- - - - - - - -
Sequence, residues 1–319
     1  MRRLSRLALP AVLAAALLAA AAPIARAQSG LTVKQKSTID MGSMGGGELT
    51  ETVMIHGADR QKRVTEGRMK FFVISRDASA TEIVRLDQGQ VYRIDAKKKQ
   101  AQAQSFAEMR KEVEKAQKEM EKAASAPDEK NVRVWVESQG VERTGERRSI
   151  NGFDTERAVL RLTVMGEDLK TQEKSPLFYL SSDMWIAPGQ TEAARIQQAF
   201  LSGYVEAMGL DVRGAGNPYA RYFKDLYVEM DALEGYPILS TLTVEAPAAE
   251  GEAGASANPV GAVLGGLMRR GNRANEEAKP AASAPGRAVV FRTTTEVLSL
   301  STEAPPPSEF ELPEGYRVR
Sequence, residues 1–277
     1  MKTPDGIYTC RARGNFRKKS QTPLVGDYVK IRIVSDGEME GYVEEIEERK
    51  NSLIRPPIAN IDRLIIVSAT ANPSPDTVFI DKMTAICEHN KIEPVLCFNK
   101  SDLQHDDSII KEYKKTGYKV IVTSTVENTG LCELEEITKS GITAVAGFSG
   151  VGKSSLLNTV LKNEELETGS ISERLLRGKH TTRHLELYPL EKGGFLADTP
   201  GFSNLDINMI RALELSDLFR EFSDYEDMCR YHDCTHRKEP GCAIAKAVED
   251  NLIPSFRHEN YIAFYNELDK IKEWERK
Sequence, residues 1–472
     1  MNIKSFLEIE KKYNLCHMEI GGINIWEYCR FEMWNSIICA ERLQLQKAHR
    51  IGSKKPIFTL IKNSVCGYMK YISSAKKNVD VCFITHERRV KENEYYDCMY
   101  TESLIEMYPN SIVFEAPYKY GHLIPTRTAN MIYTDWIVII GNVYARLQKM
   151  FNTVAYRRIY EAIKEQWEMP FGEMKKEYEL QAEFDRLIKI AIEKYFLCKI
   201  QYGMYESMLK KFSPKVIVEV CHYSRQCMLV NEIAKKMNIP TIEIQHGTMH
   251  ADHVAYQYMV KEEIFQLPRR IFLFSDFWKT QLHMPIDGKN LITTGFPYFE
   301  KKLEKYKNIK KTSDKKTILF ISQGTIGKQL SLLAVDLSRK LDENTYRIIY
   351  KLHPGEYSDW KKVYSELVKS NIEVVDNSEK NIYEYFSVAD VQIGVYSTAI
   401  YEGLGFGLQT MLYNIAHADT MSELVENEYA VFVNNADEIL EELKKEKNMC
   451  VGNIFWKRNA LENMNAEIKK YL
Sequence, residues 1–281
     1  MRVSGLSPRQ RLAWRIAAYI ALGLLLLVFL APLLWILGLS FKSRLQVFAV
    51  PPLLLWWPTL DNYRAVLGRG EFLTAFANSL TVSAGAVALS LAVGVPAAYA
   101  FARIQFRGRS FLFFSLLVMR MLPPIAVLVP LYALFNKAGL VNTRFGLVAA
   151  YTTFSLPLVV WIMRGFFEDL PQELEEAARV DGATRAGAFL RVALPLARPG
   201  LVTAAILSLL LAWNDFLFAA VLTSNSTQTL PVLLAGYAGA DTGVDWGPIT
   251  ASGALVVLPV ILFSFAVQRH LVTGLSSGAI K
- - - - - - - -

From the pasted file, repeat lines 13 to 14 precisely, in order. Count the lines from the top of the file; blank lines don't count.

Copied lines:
   151  VGKSSLLNTV LKNEELETGS ISERLLRGKH TTRHLELYPL EKGGFLADTP
   201  GFSNLDINMI RALELSDLFR EFSDYEDMCR YHDCTHRKEP GCAIAKAVED